Temporary or Permanent shorter tantrums?

Discussion in 'General Parenting' started by Confused, May 11, 2011.

  1. Confused

    Confused Guest

    Hi all,
    Hope everyone had a Happy Mother's Day! Well, my son daily is still very demanding,very set in his ways but shorter lasting tantrums? Since my father and I quit giving in to EVERYTHING he wanted, he has gotten worse again. Still the same violence, biting himself,slamming,trashing the house,especially his room, hitting his head and has even kicked the walls so hard, he bruised the bottom of his foot! And as I mentioned before, spit and hit on me at the Dr's office when I corrected him. He constantly hits me,and talks back with or without threats of not caring if a stranger takes me, or if he goes out by himself at any hour, any where. He does just open the door and walk out. Only got as far as the street by our drive..He is now refusing his liquid medicine the last 3 days to help his bathrom issues. Its powder, goes in a cup, in water or gaterade and he drinks it. I tried sneaking it in a drink now but, he will not drink it unless he watches me poor it, he knows he will "accident" in his pants if he does not continue it. (Dr said 3 months).He is not embaresed by this either, his classmates are! He wants the icecream truck daily, I put a stop to it. He doesnt want to wash a certain part of his body even if we discuss it before several times or just once. He fights me when I have to get him up,just still anything! But his tantrum was only 45 minutes, but now has added biting himself constantly in rage or no rage just because we said "no" or not yet, or did something to make him mad, which can be anything! I am getting Dr. Greenes book June 3 and will hopefully get some ideas what else to do. His Peditrition never called me in to tell me what the "Pysc Counsler " told him, all because he is basically good there and great at school! My daughter has been really acting up, and I believe still its because most of our attention is towards dealing with my son. I am getting chest pain and headaches here and there after his tantrums ( I am overweight,which this does not help). All I can do is wait until he blows at school, if he ever blows. My grandfather says he will be fine after this summer and after being in Kinder because he will grow out of it. Sorry so long!:sigh:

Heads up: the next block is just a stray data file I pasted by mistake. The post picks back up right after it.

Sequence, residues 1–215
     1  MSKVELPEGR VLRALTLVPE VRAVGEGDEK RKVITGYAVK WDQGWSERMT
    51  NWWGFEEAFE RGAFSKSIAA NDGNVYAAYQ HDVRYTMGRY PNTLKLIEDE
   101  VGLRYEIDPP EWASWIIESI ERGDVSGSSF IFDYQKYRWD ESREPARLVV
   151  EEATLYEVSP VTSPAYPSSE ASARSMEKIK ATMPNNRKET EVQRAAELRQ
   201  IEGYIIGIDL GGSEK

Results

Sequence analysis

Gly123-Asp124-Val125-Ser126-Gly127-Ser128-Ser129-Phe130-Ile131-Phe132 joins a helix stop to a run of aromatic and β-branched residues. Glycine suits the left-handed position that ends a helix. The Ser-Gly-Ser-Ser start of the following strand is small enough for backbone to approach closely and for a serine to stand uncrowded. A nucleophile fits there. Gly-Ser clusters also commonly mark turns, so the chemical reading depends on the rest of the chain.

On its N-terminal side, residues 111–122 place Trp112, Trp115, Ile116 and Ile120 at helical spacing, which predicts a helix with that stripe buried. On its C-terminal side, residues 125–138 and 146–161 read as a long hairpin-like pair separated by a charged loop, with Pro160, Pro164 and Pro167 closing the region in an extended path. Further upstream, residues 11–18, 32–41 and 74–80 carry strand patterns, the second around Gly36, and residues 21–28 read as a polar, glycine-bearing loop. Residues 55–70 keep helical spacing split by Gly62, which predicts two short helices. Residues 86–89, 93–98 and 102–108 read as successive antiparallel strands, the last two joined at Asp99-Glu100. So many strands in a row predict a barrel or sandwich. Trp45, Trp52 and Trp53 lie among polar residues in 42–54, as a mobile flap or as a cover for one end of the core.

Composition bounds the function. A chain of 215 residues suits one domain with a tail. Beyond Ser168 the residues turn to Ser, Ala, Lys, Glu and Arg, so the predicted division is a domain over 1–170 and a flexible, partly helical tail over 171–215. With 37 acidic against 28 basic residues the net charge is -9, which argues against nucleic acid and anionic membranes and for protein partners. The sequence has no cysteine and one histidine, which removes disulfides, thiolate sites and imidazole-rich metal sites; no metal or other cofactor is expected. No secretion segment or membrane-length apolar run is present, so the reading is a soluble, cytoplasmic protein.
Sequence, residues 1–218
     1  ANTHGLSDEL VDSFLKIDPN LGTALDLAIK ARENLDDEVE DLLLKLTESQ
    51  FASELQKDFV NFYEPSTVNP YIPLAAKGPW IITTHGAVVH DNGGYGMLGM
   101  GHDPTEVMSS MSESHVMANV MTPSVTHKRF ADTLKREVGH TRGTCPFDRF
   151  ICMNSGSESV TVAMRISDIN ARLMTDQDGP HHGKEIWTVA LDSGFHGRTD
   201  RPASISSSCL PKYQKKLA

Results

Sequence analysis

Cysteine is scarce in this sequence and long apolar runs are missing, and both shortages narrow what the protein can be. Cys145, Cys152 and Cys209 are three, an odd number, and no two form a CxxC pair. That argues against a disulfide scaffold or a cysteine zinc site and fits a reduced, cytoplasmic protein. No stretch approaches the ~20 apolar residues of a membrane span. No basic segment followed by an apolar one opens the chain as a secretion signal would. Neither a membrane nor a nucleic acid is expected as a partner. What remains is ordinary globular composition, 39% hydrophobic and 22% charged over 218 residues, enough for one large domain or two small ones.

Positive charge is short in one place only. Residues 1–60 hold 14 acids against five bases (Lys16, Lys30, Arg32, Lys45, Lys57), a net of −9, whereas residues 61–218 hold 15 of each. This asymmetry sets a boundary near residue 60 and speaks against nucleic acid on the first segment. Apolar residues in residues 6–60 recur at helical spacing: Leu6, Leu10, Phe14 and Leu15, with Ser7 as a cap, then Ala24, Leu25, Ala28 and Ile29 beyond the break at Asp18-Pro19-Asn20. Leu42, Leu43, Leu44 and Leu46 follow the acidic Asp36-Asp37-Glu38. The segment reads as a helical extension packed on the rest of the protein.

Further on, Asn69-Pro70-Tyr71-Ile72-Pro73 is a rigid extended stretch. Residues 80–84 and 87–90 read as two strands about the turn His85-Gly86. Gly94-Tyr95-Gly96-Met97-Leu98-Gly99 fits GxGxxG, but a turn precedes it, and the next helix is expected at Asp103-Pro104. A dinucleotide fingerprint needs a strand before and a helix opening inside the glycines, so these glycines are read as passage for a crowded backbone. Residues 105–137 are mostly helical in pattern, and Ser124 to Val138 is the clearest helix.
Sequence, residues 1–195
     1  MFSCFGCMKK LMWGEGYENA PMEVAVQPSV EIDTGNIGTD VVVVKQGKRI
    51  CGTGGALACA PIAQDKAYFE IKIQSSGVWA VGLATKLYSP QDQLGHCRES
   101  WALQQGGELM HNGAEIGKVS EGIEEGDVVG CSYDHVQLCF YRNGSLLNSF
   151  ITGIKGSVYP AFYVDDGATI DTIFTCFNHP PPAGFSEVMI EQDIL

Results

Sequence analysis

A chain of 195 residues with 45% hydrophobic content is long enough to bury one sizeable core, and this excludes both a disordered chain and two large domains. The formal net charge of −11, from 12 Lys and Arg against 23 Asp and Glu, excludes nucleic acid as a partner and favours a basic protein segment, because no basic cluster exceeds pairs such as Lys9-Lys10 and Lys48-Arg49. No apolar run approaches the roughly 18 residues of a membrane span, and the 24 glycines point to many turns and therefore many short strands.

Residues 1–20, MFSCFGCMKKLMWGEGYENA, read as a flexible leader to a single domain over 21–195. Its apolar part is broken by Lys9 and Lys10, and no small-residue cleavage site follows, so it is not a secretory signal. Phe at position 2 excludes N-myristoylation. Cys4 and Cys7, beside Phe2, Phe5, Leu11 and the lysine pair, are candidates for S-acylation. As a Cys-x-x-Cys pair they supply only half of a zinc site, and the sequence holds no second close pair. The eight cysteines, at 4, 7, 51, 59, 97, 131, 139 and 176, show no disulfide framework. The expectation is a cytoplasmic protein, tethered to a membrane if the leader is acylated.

2. nvts

    nvts Active Member

    Hey! Many hugs to you...you sound like you could use them! Has anyone considered Sensory Integration issues for him? Have you ever noticed whether he may have problems with certain smells, tastes, consistancies (like different types of foods, like crunchy vs. smooth and when you put them together, he wants NO part of either?) or what I call "Itchy Tag Syndrome?" where you end up cutting the tags out of the backs of his shirts, certain materials etc.?

    Just a thought!

  3. Confused

    Confused Guest

    Hi nvts,
    No, no problems in Sensory Integration. I think he just doesn't wants his medications, I have had this problem for , well a few years, inhalers,liquids,chewables, "rash creams" private areas.(Bronchitis every year,colds,usual virus with all of us- so hes not new to medicines-he eats almost anything). He after a few days refuses, even if they taste good/doesn't hurt or stink. He cant taste this medication when its mixed with a flavored drink,cant see it either! The Dr / Nurses told me hold him for his medications, force ht down him, your bigger than him"! Haha! I be be bigger, he is very strong,spits out the medications,gets violent on me/other things. When he was 1 1/2 old, he would "move around" the Old Lazy boy recliner!I mean it would move to accross the room!. The tags, both my kids only complained a few times, but its rare. Thanks for the thought though!
  4. Malika